The old TwinPower heatpump dryers sure were amazing performers.
However, they somewhat shoe-horned a heatpump system in a condenser setup.

Thus they never were terribly efficient (there was an A+++ machine, but that was close to double the A+ versions and took 3h to dry aswell).
But the A+ versions were FAST.

The T1 is more efficient and more cost effective.
Dropping the dual motor set up dropped complexity and price significantly while improving efficiency.
The new inverter motors only use between 100-150W for both drum and fan - the old design used that for just one motor.

There were some of the TwinPower machines that experienced premature compressor failures - which is a death sentence. But that still was very rare.
That design heavily relied on the heat rejector. That's a small heat exchanger behind the ventilation opening on the bottom right with a fan. The heatpump was somewhat oversized for the dryer. That made it fast - but ment the dryer could get run into a situation were the temps across the condensers got to high, pressures rose. Then that fan would turn on and directly reject heat into the room.
If that failed, got clogged or blocked the heatpump could get overloaded leading to early compressor death.



For the dryers I encounter - no matter the brand - I use one of those pressurised pump sprayers you can get a hardware store.

You can set the stream with the nozzle and spray down the condenser every now and then with maybe like a liter of hot water.
The run a quick cycle to drain the condensation collection area from those loosend fluff bits.

Less chance of getting water into the works, a bit more handy to keep around imo.


My mums current Beko came with a brush you are supposed to use to gently brush down the condenser.
It works surprisingly well!



One thing to keep in mind is that the main issue on a heatpump dryer isn't lint buildup interfering with heat transfer - the bigger issue airflow reduction.

The fluff only really gets onto the first inch or so of the condenser.
Afterwards the turbulence has all the big fluff pieces adhere to the surface.
Any particulate matter is so fine it will MOSTLY be washed off by the condensate.




There is currently, to my knowledge, only one heatpump dryer for the home market in the EU that still uses separate motors for process air and motor.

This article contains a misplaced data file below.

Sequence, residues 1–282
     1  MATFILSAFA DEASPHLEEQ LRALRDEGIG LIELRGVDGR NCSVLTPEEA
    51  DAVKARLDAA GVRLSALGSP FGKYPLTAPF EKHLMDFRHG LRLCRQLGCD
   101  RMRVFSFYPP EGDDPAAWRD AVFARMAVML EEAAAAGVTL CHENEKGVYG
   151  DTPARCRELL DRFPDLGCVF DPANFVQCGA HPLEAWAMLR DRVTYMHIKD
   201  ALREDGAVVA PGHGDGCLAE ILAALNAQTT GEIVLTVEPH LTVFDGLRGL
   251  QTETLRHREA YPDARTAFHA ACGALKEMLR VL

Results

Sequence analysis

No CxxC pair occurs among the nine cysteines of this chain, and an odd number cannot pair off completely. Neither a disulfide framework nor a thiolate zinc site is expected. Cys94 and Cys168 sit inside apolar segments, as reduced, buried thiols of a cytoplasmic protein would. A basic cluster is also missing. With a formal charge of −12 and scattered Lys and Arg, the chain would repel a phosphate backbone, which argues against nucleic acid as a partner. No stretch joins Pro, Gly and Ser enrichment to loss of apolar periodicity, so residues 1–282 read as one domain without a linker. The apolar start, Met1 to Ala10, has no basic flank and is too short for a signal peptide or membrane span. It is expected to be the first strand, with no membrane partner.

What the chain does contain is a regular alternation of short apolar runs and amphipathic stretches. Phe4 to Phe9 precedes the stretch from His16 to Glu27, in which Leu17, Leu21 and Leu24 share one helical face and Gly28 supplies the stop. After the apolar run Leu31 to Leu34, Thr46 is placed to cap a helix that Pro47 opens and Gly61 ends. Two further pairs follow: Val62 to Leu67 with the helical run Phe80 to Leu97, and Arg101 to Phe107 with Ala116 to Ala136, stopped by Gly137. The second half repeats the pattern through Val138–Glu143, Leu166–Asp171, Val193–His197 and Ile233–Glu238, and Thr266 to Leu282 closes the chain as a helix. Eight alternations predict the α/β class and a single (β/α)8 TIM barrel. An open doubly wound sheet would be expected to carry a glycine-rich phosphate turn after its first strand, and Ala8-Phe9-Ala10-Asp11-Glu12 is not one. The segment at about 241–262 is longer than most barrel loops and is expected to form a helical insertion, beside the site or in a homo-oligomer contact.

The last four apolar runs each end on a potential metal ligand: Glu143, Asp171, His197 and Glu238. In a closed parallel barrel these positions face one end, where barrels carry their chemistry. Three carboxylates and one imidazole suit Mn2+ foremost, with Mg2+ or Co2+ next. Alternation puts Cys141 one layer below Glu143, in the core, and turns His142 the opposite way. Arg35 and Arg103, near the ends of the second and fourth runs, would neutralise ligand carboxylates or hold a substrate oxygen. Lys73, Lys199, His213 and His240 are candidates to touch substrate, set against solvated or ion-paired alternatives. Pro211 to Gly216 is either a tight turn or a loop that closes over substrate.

That is under Haiers "Full Reverse" or "1:1 reverse" umbrella.
The model is the TOL Fisher and Paykel heat pump dryer.
It uses basically a tripple inverter (fan, motor and compressor) to get over the efficiency issues.
Appears to be a pretty awesome machine!


I have my VZug T6000 dryer.
That has a typical lint screen in the door, behind that a foam matt and another, different foam mat in front of the condenser.
It has an inverter compressor and inverter motor.
Pretty decent machine with a good bedding cycle though IMO probably not worth the price.


Post# 1168285 , Reply# 7   1/4/2023 at 08:53 (476 days old) by wholelottared (Turkey)        
Reply to #6 (henene4)

Hi henene4, you seem like you're really knowledgeable/informed about the dryers and the differences between them and I was searching for someone like you. My question actually will be off-topic on this thread but I couldn't find a way to message you or email you so i'll write it here.

What are your thoughts on the latest Bosch Home Professional dryers ? I recently bought it (the model code is WTX87EH0TR, I think it's called WTX87E40 and WTX87E90 on Germany). Of course it doesn't have a reverse like any BSH dryer, but I didn't have any problems with it yet. What are your thoughts on my dryer, did I buy a bad device, how are they compared to their older models? For example the condenser never stops until the end (except the AutoClean phase), instead the fan on the front runs sometimes for like 30-40 seconds if it gets too hot. Does this mean it can't control the heat by turning off and on the condenser and uses the fan instead? I would be happy to read a review/thoughts message from you, thank you.


Post# 1168287 , Reply# 8   1/4/2023 at 09:09 (476 days old) by foraloysius (Leeuwarden, Friesland, the Netherlands)        

foraloysius's profile picture
Here's the link to that Bosch thread.

www.automaticwasher.org/c...




Post# 1168294 , Reply# 9   1/4/2023 at 11:25 (476 days old) by henene4 (Heidenheim a.d. Brenz (Germany))        

Actually there are BSH heat pump dryers that can reverse now.
Few models, but they can.


No heatpump dryer I ever used cycled the heatpump except for the AEG Series 9000.

If the heatpump isn't running, there is no drying, since the cold side of the heatpump isn't cooled.
No cold area means no condensation means no drying.